Is there such a thing as a healthy vegan diet that excludes all grains? Possibly, though I would expect it to be less healthy than one that includes whole grains. The arabinoxylans in wheat, rye, and barley brans appear to be rather valuable prebiotics.

      But there are lots of ways to get there. The traditional diet of Papua New Guinea highlanders was an extreme monodiet of essentially 2 kg of sweet potatoes and 200 g sweet potato greens, and they had pristine arteries, and effectively no hypertension or diabetes. Pity they smoked tobacco like chimneys and took a while to improve sanitation, or else we’d have another plant-centric long-lived Blue Zone.




      4
      1. @Darryl–
        Just out of curiosity, did the New Guinea tribes adopt tobacco from Western contact, and if so, how many decades ago? It might be useful to design a study which isolates the factor of tobacco use, especially if smoking is not native to the tribe, and some still do not smoke. For example, tribal tradition often reserves for one group certain privileges denied another, which might mean some consistent differentiation of tobacco use might be found.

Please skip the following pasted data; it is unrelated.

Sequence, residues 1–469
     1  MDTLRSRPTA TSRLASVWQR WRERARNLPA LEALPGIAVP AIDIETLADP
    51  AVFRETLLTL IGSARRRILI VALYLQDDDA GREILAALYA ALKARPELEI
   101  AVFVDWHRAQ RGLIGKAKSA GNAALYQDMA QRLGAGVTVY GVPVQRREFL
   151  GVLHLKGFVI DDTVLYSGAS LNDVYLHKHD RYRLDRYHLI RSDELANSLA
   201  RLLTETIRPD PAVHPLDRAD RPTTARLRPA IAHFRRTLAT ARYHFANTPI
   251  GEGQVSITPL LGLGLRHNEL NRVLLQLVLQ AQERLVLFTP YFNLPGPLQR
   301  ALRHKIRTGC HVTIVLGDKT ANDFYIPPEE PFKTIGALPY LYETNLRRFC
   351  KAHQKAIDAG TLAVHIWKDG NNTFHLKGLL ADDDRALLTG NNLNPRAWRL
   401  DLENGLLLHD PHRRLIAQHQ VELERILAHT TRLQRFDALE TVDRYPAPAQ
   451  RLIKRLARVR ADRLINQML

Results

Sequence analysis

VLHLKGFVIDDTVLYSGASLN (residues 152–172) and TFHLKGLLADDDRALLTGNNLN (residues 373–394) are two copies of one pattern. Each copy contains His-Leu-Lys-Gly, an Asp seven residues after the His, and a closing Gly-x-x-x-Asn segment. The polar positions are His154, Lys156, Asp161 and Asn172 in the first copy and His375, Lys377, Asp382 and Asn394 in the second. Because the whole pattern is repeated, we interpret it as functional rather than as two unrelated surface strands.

The arc of “injustice” is long, too. Just imagine what might have happened to Western mortality figures, had the “Indians” not introduced the English settlers to tobacco. And that, quite aside from the exponential growth of an American tobacco industry and marketing pressures.




        0
        1. Tobacco came to New Guinea four centuries ago, from Mollucan traders who had in turn traded with Portuguese. Its documented on the western coast by 1616, and percolated eastward overland over the next two centuries. Marketing was by native tribes. When Europeans first ventured into the highland around the turn of the 19th/20th century, heavy tobacco use, both pipe and in smoking huts, was well established, and prior to 1960, most tobacco was of a harsh backyard grown variety. Today, 60% of men and 27% of women smoke, 5th highest rate in the world. There’s undoubtedly some cultural shifts going on: 55% of boys and 40% of girls smoke.




          0
      2. Why whole grains (and pseudograins)? Their ferulic acid acts as an anti-oxidant; their soluble fiber helps bind harmful compounds and is fermented into fatty acids that fight inflammation; their insoluble fiber helps bulk stool.

        Barley and oats are good sources of betaglucans, a type of soluble, fermentable fiber that helps regulate blood sugar and cholesterol, boosts the immune system and fights inflammation and chronic inflammatory disease. Rye is also filled with fermentable fiber, contains lignans, which help control sex steroid hormones, and spermidine, often called the “longevity elixir” because it helps induce autophagy, the cellular housekeeping process that sweeps up bad cells.